If you work within your capability's and allow your body time to adapt then you can go for a very extended period of time without taking a break. I think there is merit to pushing hard, and forcing your system to learn to recover faster.


Is CNS burnout overblown?

YES!! It's nothing to be afraid of for the most part. You just need to be aware that it can happen, and don't run yourself so far down that your totally drained to a dangerous exhaustion level.


Is training to failure bad for CNS?

No, but I feel it's worse for the muscles themselves. Limited failure training is one thing. Always going to failure, with the stress to the muscle tissue can lead to injury. I believe we have the data to show that failure training is not needed for progress

Slow negatives?

Some data shows this to be less than optimal in the long run.

Training above 90%?

As part of a peaking cycle where you build to it, can be a good thing. Long term working here can shorten your overall career. You may not feel it when your 20, but you will when your 50. Stuff I did to my body 30yrs ago, shows up in protest now.

"Over-reaching" is actually a training technique used in dual factor training. They fatigue themselves "over the line", and then allow that fatigue to rescind, and come back stronger. This has been used by Eastern Block countries for decades.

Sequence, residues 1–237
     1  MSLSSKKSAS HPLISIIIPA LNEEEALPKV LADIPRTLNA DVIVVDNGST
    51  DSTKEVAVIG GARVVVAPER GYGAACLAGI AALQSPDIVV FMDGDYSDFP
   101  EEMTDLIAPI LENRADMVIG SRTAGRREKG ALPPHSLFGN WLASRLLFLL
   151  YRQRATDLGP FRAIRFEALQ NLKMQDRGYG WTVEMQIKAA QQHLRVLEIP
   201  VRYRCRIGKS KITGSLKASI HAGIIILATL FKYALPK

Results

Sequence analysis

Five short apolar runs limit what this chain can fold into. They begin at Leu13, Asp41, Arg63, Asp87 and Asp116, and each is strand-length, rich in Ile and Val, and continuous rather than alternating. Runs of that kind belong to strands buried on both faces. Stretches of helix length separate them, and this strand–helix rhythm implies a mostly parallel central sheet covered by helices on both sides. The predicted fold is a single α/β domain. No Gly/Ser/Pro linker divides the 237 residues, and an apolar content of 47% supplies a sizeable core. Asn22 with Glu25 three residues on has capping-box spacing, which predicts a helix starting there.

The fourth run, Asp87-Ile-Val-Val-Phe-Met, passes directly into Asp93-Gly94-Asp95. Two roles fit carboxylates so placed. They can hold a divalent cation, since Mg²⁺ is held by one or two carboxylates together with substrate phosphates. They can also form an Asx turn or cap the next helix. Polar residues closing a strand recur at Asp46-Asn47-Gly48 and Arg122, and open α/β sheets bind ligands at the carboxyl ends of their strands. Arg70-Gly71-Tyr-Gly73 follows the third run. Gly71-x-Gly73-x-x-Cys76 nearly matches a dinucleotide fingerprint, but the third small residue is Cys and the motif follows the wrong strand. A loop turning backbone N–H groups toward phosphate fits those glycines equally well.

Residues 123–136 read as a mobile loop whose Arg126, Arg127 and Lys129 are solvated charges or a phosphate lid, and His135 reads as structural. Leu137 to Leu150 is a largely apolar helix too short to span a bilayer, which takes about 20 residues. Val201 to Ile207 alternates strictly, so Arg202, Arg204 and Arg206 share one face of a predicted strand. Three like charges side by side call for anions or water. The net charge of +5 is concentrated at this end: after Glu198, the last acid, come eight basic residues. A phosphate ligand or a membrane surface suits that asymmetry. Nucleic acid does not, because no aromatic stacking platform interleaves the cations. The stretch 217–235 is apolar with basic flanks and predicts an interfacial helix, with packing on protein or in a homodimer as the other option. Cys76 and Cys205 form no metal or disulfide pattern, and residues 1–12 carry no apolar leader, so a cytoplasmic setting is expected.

Are these guys insane?

No. They find the wall, and push it farther out. There is a limit to how far you can go. Expanding the envelope to the farthest edge can mean that small point in competition for the win.

Is CNS overload allowed as long as you deload?

Totally
I used to run 8-10 miles every few days. I did not just get up one day and do it. I had to start with getting the first mile down. Then I did two, then three, five, and so on. Finally I could run 8 plus miles and feel great after a run.

It's the same thing with your CNS, in regards to weight training. It's being trained to handle the workload, just as your muscles are adapting to the stress.

Periods of low rep high intensity work will push your workload capacity up. When you reset back to a higher rep plan, it is like shifting gears again, and your cruising.

IMO.

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Old 10-21-2009, 07:59 PM   #9
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Very good conversation gentlemen.
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Old 10-21-2009, 10:38 PM   #10
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Good thread. So if the CNS can be conditioned, does anyone believe low reps are the answer? I'm trying to sort this out. From what some of you said, low reps are harmful over the long haul.